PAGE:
Back in March of 2012 I visited the Montreal set of Riddick, the third film in the Pitch Black franchise, for a few days. I wound up with so much material there was no way I could fit it all into one article, so I’m breaking it up into several pieces. In this first look at Riddick, I chose to focus on the overall tone of the film, how it got here and some key information from director David Twohy and star Vin Diesel. I also touch on some other major players like Katee Sackhoff, Mathew Nable and Jordi Molla. We also found out that there are TWO additional sequels planned for the film.
In theaters September 6, “Diesel reprises his role as the antihero Riddick, a dangerous, escaped convict wanted by every bounty hunter in the known galaxy. The infamous Riddick has been left for dead on a sun-scorched planet that appears to be lifeless. Soon, however, he finds himself fighting for survival against alien predators more lethal than any human he’s encountered. The only way off is for Riddick to activate an emergency beacon and alert mercenaries who rapidly descend to the planet in search of their bounty. The first ship to arrive carries a new breed of merc, more lethal and violent, while the second is captained by a man whose pursuit of Riddick is more personal. With time running out and a storm on the horizon that no one could survive, his hunters won’t leave the planet without Riddick’s head as their trophy.”
It’s a little after 4 in the morning when someone asks Vin Diesel what it means for him to finally be in a soundstage in Montreal shooting Riddick, the third film in an unlikely franchise that began 13 years ago with Pitch Black. “It’s a very good question,” he smiles. “What the f*ck does it mean to you?”
It’s easy to take that quote out of context. Diesel isn’t being aggressive or mean here, he’s just in awe of the situation and wants to make sure that the journalist understands exactly what kind of road it’s been. And this is certainly a better way of doing that than diving into the standard rigamarole we so often get on film sets. Engaging us and asking us to illustrate its significance is a surefire way to illustrate that these circumstances are indeed significant. After the cult success of Pitch Black and the expensive (and financially underperforming) space opera of The Chronicles Of Riddick, a third film has long been a question mark. Diesel has championed it all along of course, but the road has been long and bumpy.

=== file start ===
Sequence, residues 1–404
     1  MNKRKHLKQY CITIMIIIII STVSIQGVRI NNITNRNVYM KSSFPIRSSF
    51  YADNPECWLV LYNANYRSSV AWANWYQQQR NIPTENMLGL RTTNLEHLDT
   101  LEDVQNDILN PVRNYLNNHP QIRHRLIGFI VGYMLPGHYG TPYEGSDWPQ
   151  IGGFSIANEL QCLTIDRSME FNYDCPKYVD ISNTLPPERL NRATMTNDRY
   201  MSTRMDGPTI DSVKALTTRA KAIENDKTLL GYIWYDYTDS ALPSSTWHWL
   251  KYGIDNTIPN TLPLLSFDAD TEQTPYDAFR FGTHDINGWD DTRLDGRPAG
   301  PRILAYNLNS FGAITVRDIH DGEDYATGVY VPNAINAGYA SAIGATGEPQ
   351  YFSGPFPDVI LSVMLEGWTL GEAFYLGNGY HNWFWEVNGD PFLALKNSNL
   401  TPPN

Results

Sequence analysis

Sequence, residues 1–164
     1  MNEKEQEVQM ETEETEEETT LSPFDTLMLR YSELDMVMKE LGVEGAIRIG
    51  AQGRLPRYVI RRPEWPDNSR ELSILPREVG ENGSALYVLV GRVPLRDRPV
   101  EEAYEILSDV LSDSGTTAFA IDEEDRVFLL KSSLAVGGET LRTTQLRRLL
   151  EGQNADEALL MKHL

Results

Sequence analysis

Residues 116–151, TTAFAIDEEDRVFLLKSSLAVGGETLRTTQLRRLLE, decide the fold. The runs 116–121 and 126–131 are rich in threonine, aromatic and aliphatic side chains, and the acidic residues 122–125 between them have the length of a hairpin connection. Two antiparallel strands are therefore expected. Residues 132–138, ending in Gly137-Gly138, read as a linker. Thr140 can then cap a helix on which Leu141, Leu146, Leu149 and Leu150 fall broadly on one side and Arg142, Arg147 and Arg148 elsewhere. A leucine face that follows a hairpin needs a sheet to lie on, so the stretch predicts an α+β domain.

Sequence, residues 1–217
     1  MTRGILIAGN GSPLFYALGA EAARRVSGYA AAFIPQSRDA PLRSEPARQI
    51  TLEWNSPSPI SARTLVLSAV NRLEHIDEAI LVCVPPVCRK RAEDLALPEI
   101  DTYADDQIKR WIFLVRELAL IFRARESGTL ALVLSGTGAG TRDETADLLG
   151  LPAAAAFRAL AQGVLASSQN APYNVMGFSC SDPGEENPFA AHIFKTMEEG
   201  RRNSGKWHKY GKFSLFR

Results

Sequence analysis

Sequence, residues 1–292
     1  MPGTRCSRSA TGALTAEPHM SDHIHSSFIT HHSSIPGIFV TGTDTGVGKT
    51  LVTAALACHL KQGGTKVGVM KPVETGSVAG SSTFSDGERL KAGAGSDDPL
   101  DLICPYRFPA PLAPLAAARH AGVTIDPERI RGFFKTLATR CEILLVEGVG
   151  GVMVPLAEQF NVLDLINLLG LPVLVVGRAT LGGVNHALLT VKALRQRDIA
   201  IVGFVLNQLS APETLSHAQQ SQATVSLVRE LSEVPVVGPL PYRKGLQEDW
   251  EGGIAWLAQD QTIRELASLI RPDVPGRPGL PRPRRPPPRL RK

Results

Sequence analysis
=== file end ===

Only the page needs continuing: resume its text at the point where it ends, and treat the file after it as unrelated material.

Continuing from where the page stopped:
A journalist answers, “I never thought I would be on the set of this movie.”
Diesel zeroes in on him in affirmation. Bingo. “Tell everyone how you feel.. It’s more surreal to me to be here after 9-years. You know how long I’ve been talking about this, you know how many press junkets I’ve been at talking about ‘Riddick,’ and we’re actually on set here shooting a ‘Riddick’ that’s better than all expectations, better than anything we anticipated, and we’re here 9-years later and its surreal. When we first sent this script to Universal as ‘Chronicles of Riddick’ it was already a pipe dream to even return to this cult film classic called ‘Pitch Black.’ It was already bizarre to be at a studio. When we first did ‘Pitch Black’ we had no studio, the studio folded. We were at Polygram and then at USA and they folded, and at the last minute Universal came in and said, ‘we’ll release your picture.’ It was kind of a Hail Mary, it predated ‘The Fast and the Furious,” but led into that relationship, and we’re here now because of the ‘Fast and Furious’ relationship. That’s the good stuff. You’re sitting on this set because I did a cameo in ‘Tokyo Drift.’ We leveraged this cameo in ‘Tokyo Drift’ so hard to reboot a franchise that was literally dying. When ‘Fast and Furious’ got to that third film it was basically a scrap of metal that nobody wanted, studio didn’t even want it. ‘What can you do with it?’ I’d go this whole other way, go back to a story-driven saga that rewards its audience for being loyal to a franchise, as opposed to doing a franchise in a reactionary way.”
It’s interesting when you think about it, because the Fast And Furious films have indeed shifted their focus from cars to characters and a heavier leaning towards continuity. Diesel clearly knows what fans want to see, primarily because he’s so true to what he wants to see himself. It’s one of the reasons his films are so successful and it’s one of the reasons he’s been able to leverage those successes into a Facebook page with over 43 million “likes”, possibly the widest direct celebrity-to-audience conduit ever.